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China: Government Reportedly Detains Dissidents

  • Ben Partridge

London, 5 October 1998 (RFE/RL) -- There are as yet unconfirmed reports that the Chinese government has detained several political dissidents on the eve of a visit of British Prime Minister Tony Blair to China.

Those detained by police are reported to include human rights activists who were seeking to register China's first official opposition party since the Communist takeover in 1949.

British officials said last week that Blair would be praising China's economic reform program rather than "hectoring" the Beijing regime during his four-day visit. But the reports have prompted calls for Blair to review his low-key approach to human rights in China.

Some of the calls have come from senior figures of his own Labour Party, who want Blair to press rights issues on the visit, the first to the mainland by a British prime minister in seven years. China is said to hold thousands of opponents in detention. It also executes more convicted criminals each year than the rest of the world put together.

Critics say the Blair government's reluctance to confront China over human rights has undermined its claim to pursue an "ethical" foreign policy. In January, Foreign Secretary Robin Cook was reported to be "too busy" to meet leading dissident Wei Jingsheng.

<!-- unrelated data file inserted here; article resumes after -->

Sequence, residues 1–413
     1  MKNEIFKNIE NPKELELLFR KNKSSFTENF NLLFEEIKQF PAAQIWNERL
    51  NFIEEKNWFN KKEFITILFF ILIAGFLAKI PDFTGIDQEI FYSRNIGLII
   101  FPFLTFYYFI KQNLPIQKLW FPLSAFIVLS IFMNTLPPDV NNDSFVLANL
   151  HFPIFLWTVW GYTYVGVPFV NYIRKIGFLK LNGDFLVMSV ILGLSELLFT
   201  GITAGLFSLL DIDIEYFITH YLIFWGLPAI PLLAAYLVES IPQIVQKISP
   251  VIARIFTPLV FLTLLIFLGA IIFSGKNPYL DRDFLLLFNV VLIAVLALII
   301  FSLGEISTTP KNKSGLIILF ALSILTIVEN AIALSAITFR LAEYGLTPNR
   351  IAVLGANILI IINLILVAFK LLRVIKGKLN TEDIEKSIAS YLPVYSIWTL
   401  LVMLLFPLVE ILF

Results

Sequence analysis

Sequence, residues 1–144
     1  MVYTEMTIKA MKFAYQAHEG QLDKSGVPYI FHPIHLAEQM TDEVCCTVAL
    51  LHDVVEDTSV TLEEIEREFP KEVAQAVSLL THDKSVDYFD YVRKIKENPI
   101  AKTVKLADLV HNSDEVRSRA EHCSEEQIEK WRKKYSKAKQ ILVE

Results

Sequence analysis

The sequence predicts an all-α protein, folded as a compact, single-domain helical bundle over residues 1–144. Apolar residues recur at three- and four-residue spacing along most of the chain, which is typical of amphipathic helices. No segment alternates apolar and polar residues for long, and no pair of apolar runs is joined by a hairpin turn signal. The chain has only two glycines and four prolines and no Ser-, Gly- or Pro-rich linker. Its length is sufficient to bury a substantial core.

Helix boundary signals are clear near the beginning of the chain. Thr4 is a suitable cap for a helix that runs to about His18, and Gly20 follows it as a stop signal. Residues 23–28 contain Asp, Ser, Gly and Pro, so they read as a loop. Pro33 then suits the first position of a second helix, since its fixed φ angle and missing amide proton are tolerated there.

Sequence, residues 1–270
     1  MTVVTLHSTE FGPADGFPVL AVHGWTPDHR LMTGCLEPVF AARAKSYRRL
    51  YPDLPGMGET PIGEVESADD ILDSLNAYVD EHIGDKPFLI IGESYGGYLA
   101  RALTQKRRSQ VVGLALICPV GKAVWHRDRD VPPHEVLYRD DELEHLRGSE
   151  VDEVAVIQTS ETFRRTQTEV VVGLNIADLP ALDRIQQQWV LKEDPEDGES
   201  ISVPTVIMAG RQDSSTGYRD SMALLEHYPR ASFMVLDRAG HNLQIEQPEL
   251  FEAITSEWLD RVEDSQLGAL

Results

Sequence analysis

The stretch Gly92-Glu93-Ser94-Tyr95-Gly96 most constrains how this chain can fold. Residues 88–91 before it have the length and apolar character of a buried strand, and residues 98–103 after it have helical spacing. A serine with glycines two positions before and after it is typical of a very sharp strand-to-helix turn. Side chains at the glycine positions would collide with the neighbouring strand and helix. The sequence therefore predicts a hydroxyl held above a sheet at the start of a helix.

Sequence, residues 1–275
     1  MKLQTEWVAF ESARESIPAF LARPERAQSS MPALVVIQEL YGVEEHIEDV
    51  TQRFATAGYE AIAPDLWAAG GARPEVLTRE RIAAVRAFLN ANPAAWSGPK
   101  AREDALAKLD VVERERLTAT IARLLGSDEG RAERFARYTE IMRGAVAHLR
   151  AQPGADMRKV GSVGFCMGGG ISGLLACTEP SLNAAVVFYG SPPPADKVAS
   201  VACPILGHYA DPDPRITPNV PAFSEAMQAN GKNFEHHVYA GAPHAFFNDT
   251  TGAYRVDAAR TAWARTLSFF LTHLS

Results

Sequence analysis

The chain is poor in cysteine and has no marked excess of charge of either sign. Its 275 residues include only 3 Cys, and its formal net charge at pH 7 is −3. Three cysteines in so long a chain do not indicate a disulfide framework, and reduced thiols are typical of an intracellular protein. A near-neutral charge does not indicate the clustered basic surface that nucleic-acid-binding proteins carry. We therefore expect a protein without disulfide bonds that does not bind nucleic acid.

Blair, who will be accompanied by a large trade delegation, will be greeted on arrival in Beijing tomorrow in Tiananmen Square, scene of the 1989 massacre by troops of pro-democracy activists.

His visit will set the seal on improved relations after severe strains in the run-up last year to the British handover of Hong Kong to Chinese sovereignty. A British spokesman said: "We are no longer plagued by our difficult past."

Sino-British relations had been at a low ebb for the past few years because of former Hong Kong Governor Chris Patten's attempts to democratize the colony before it reverted to Chinese rule.

Blair is due to hold talks with his Chinese counterpart, Zhu Rongji, and will also meet with President Jiang Zemin, leader of the Communist party.

The Asian financial crisis is expected to top the agenda of his talks with Zhu. Also listed for discussion are the sharp falls in world equity and currency markets, environmental issues, the global fight against drugs and related crime, and illegal immigration.

On the eve of his departure, Blair said there was no point in denying that Britain had its differences with China over political and civil rights, freedom of speech, the treatment of dissent, religious freedom and the importance of democracy. He also referred to Tibet, scene of Chinese rights violations, according to critics. But Blair made clear that "persuasion and dialogue" would be his watchword in China rather than "confrontation and empty rhetoric."

On the eve of the visit, Beijing was due to sign the U.N. International Covenant on Civil and Political Rights.

Blair is the first of seven European prime ministers scheduled to visit Beijing this autumn. All of them are to seek trade contracts.